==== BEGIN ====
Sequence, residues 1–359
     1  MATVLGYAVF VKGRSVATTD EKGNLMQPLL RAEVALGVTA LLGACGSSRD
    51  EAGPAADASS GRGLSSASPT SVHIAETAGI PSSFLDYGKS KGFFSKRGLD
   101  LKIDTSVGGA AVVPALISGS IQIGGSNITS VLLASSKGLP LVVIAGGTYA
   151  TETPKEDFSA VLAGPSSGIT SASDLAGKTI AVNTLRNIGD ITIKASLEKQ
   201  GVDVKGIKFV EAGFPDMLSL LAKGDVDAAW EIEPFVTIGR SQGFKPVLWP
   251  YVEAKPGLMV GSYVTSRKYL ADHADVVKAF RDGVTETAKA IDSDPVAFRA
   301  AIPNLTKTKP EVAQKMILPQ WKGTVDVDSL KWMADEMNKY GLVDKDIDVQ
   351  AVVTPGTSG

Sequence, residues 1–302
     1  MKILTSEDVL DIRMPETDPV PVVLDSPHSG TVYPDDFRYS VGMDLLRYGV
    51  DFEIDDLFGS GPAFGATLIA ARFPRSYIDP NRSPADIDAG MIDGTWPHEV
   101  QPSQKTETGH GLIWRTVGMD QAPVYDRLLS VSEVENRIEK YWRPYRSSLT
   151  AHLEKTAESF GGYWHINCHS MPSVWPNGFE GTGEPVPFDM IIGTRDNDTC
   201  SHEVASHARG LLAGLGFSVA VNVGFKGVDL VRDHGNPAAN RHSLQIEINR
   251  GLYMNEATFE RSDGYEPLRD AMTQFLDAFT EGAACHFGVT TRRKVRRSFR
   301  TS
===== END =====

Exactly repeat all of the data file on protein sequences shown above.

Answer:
Sequence, residues 1–359
     1  MATVLGYAVF VKGRSVATTD EKGNLMQPLL RAEVALGVTA LLGACGSSRD
    51  EAGPAADASS GRGLSSASPT SVHIAETAGI PSSFLDYGKS KGFFSKRGLD
   101  LKIDTSVGGA AVVPALISGS IQIGGSNITS VLLASSKGLP LVVIAGGTYA
   151  TETPKEDFSA VLAGPSSGIT SASDLAGKTI AVNTLRNIGD ITIKASLEKQ
   201  GVDVKGIKFV EAGFPDMLSL LAKGDVDAAW EIEPFVTIGR SQGFKPVLWP
   251  YVEAKPGLMV GSYVTSRKYL ADHADVVKAF RDGVTETAKA IDSDPVAFRA
   301  AIPNLTKTKP EVAQKMILPQ WKGTVDVDSL KWMADEMNKY GLVDKDIDVQ
   351  AVVTPGTSG

Sequence, residues 1–302
     1  MKILTSEDVL DIRMPETDPV PVVLDSPHSG TVYPDDFRYS VGMDLLRYGV
    51  DFEIDDLFGS GPAFGATLIA ARFPRSYIDP NRSPADIDAG MIDGTWPHEV
   101  QPSQKTETGH GLIWRTVGMD QAPVYDRLLS VSEVENRIEK YWRPYRSSLT
   151  AHLEKTAESF GGYWHINCHS MPSVWPNGFE GTGEPVPFDM IIGTRDNDTC
   201  SHEVASHARG LLAGLGFSVA VNVGFKGVDL VRDHGNPAAN RHSLQIEINR
   251  GLYMNEATFE RSDGYEPLRD AMTQFLDAFT EGAACHFGVT TRRKVRRSFR
   301  TS